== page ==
Prime minister’s questions: past their sell-by date or vital for democracy?

Big Ben, Westminster

It’s good theatre, but what’s the point? On Sunday, the deputy prime minister, Nick Clegg, told BBC Radio 5 Live that he thought prime minister’s questions had reached their sell-by date. “The whole thing is ridiculous,” he said, “the whole thing should be scrapped. It’s an absolute farce.”

The timing of Clegg’s remarks is no coincidence. The coalition now exists in name only: the election is the only thing on anyone’s mind at Westminster. Clegg used merely to have to sit awkwardly through PMQs while David Cameron defended policies the Lib Dems didn’t totally believe in; last week, the prime minister took to openly mocking his coalition partner for their standing in the polls. Clegg’s only fightback is to try to reposition himself as the man he was in 2010. The outsider looking in, the only politician guaranteed to talk sense.

Clegg has a point about PMQs, which began life in 1961 as two weekly, 15-minute sessions on Tuesdays and Thursdays before Tony Blair replaced them with one 30-minute session on a Wednesday in 1997. The proceedings generally take place to a childishly noisy background of cheering, heckling and farmyard noises from backbench MPs, with the main exchange between Ed Miliband and Cameron lasting 10 minutes or so, as the leader of the opposition only gets to ask six questions.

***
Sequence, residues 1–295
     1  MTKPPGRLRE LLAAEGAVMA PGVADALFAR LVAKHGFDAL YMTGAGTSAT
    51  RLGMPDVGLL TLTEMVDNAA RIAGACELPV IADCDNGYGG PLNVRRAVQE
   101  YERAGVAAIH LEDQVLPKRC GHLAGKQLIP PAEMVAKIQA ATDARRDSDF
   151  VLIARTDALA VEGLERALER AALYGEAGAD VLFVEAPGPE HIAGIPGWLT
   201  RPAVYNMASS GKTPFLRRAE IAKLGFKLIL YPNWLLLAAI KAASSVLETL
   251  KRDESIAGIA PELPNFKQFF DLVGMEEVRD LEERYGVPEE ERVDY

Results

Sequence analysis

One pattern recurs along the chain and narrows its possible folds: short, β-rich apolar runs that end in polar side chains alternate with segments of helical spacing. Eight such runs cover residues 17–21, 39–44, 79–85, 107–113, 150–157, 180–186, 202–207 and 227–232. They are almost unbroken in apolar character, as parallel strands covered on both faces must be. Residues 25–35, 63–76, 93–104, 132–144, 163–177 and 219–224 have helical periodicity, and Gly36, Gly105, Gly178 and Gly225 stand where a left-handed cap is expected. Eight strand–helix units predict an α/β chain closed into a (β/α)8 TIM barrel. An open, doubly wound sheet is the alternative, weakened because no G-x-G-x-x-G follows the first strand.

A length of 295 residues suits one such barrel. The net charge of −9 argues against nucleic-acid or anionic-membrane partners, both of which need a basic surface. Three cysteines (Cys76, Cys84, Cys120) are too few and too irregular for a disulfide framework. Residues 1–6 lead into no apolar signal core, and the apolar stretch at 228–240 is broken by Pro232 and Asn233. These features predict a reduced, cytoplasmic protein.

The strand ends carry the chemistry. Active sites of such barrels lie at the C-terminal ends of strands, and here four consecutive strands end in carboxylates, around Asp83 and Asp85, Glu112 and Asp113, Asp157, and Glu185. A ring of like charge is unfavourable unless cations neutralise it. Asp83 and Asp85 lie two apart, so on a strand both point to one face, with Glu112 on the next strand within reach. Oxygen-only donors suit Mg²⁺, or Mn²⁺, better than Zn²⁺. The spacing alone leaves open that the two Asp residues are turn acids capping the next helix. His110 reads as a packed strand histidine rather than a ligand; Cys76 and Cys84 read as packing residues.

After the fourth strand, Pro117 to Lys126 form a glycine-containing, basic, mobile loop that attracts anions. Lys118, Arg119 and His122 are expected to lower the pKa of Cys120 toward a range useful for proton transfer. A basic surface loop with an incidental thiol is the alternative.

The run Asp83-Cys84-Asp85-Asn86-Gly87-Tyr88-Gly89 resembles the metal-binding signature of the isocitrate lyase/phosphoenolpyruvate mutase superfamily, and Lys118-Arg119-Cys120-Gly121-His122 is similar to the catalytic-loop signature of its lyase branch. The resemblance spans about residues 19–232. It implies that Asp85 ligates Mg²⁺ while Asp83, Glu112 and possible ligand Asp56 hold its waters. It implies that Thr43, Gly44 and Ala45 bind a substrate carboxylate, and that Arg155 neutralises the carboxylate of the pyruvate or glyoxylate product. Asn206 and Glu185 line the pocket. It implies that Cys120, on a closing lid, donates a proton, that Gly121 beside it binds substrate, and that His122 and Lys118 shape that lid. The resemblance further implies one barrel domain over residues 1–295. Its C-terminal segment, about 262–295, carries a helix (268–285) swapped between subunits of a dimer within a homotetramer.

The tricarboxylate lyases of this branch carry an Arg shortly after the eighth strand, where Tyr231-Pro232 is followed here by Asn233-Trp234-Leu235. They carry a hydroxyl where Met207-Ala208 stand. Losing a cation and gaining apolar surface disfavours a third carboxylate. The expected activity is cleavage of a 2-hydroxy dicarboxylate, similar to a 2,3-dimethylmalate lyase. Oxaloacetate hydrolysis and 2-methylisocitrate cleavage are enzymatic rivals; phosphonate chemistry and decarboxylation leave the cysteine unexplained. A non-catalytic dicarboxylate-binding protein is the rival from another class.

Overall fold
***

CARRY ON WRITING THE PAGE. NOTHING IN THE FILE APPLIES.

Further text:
Even those 10 minutes are rarely enlightening, as the art – politicians do see it as an art – of PMQs is to avoid embarrassment. Frequently, this means answering a completely different question from the one asked, or providing some accomplished waffle. Or both. Miliband recently asked Cameron about waiting times in A&E. “Cancer waiting times have gone,” Cameron replied. Miliband tried again. “What about the NHS in Wales that is Labour-controlled?” the prime minister replied. PMQs had suddenly become leader of the opposition’s questions. Getting straight answers is nigh impossible.

It’s not hard to come up with ways to improve PMQs. Banning backbenchers from braying would be a welcome start. Individually, MPs all say that the heckling is a bad thing, but put them in the chamber together and they don’t seem to be able to help themselves. Bizarrely, having the TV cameras in the Commons only encourages them to behave worse: so much for the surveillance society. The Commons could also usefully dispense with the half dozen or so whip-planted questions from Tory backbenchers along the lines of “Five people got a job in my constituency last week. Would the prime minister agree that this is proof of the success of his long-term economic plan?” That time could be much more usefully used by the opposition.

Yet even in its current, deeply flawed format, PMQs is an institution worth preserving. It ensures that the prime minister of the day has some command of all areas of policy and is held accountable, at least partially, for them. There is nothing any prime minister would like more than to get rid of PMQs. Even the most accomplished performers have dreaded them; that alone should be reason enough for them to be retained. Without them, we lose a fragment of democracy.

Powered by Guardian.co.ukThis article was written by John Crace, for The Guardian on Monday 19th January 2015 16.34 Europe/London

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